In the invention, it can be planned that the first random code sent to the card will not be random at all but, on the contrary, quite expected. For example, it has a series of 32 bits equal to 1. It is possible to choose 32 bits equal to 0 or even a different configuration, provided that in the circuit 4 it will be possible to set up a circuit to detect the appearance of this expected, received random sequence. In the example shown, this detection is all the easier as all the bits are of the same nature. To the sending of this characteristic random code, there corresponds an authentication hereinafter called a pseudo-authentication with retransmission, by the card, of a transcoded random code that is always the same. It shall be seen hereinafter that the retransmitted transcoded code can also be different every other time. Once this pseudo-authentication has been implemented, it is possible, depending on the mode of use of the card or in a routine way, to prompt the operation of a counter whose state is memorised in the zone 6. After the pseudo-authentication, or else if this pseudo-authentication has not been attempted, the subsequent authentication operations or other authentication operations are authorized only if this counter has changed its state. A counter with a limited number of units is chosen. For example, preferably a counter of prepaid units is chosen. Consequently, it then becomes impossible for a fraudulent person to simulate the working of a reader a great many times and send successive random elements if the counter has not been subjected to any subtraction. Beyond a certain number of units, the counter is out of operation and the card no longer responds to the signals sent to it. As a variant, the counter may be replaced by a register associated with a mean of detecting the change in the state of the register. In this case, either the contents of the register come into play in the transcoding or else the number of changes of state of the register is limited in one way or another.
In one example (FIG. 2), the circuit for limiting the number of authentication operations of the chip of the invention has a first logic circuit 9 for the detection, when the chip is powered, of the presenting of a succession of characteristic bits at an input of this chip. For example, the circuit 9 has an RS gate 10 whose Set input receives a signal R given by an invertor 11 and whose Reset input receives a signal given by a NAND gate 12. The NAND gate 12 receives a signal known as a "random zone" signal going to the active state (to the state 1 in positive logic) as soon as the output of the addressing circuit 3 designates the first memory cell of the zone 7. The NAND gate 12 also receives, through an invertor 13, a so-called "random" signal corresponding to the 32 random bits received by the card. In a first example, the 32 bits of the random element are equal to 1. Consequently, the output of the NAND gate 12 is taken to 1 during the sending of this pseudo-random element. By contrast, thereafter, when a true random element is sent, it will necessarily comprise a 0 bit on the 32 bits. Consequently, a signal B, which can be seen in FIG. 3, available at output of the flip-flop 10 and kept in the state 1 during the first stage, will fall as soon as this first 0 bit appears. In a twofold way, it is possible to conceive of an operation with zeros by removing the invertor 13.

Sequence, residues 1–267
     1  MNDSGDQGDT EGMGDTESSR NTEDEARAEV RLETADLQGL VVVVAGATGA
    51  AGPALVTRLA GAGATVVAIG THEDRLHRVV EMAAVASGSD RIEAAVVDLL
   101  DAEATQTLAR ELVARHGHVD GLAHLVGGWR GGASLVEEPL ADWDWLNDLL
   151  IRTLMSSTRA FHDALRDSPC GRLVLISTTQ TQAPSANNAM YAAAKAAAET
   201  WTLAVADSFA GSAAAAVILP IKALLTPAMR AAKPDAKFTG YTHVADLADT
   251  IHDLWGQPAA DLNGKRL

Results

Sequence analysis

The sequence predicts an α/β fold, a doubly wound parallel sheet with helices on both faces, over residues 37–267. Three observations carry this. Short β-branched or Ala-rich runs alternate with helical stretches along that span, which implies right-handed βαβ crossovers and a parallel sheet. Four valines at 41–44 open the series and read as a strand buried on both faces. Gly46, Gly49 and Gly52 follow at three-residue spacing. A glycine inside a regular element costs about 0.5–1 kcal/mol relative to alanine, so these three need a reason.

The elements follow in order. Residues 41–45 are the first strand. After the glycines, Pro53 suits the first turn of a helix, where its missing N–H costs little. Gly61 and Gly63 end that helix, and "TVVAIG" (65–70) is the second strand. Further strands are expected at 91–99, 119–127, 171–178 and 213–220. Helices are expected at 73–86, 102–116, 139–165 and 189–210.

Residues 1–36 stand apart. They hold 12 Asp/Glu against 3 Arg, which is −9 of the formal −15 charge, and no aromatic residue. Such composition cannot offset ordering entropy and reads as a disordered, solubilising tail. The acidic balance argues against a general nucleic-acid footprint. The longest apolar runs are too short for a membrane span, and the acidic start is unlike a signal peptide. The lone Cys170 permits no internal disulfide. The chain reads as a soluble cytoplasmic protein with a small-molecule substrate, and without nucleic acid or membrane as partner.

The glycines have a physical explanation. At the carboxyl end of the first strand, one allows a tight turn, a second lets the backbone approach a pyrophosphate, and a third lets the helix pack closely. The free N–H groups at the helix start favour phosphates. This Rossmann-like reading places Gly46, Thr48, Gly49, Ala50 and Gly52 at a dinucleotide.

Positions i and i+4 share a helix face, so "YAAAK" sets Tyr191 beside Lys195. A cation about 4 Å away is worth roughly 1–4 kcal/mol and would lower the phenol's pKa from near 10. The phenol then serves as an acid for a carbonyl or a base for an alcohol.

The signal R applied to the input of the invertor 11 is a signal that becomes active as soon as the first cell of the memory 2 located in the zone 5 is read. R therefore becomes active either after the power is turned or after an addressing reset operation. Consequently, during the starting, at least during the pseudo-authentication, the signal B is equal to 1.
Subsequently, when the circuit 4 detects the end of the implementation of the algorithm and of the sending of the transcoded random factor, it sends an end-of-sending signal to a second logic circuit 14 which too has an RS flip-flop circuit 15. The RS flip-flop circuit 15 receives, at its Set input, a signal delivered by a NAND gate 16 and at its Reset input a signal delivered by a NOR gate 17. The gate 16 receives, at input, a signal representing the addressing of the start of the counter zone 6 as well as a signal indicating the programming of a unit in this counter. The gate 17 receives, at input, a resetting signal POR when the chip is reset or powered, as well as the end-of-sending signal (of the end of transmission of the transcoded random element to the reader). In practice, this end-of-sending signal may be activated by an access to a first memory cell of the zone 71 for the use of the memory 2. It may also be a signal going through a monostable circuit or even quite simply the clock signal that correspond to the selection of the first memory zone of the zone 71. This pulse prompts the resetting of the flip-flop circuit 15 and consequently the return to 0 of a signal S available at output of an invertor 18 connected to the output of a NAND gate 19 that receives, at input, the Q outputs respectively of the RS flip-flop circuits 10 and 15.
The signal S is used in the invention to validate all the authentication operations. For example, it authorizes the transmission of the pseudo-random element transcoded during the first run as well as the transmissions of the transcoded successive random elements, if it is in the state 1.
Thereafter (cf. FIG. 3), it is noted that signal S is taken to the state 1 when a programming is done in the counter. Indeed, in this case, a signal A at a Q output of the gate 15 is taken to a state 1 which furthermore takes the signal S to a state 1 also. The signal S is taken to a state 0 whenever an authentication has been validated, i.e. whenever the transcoded random element is sent out.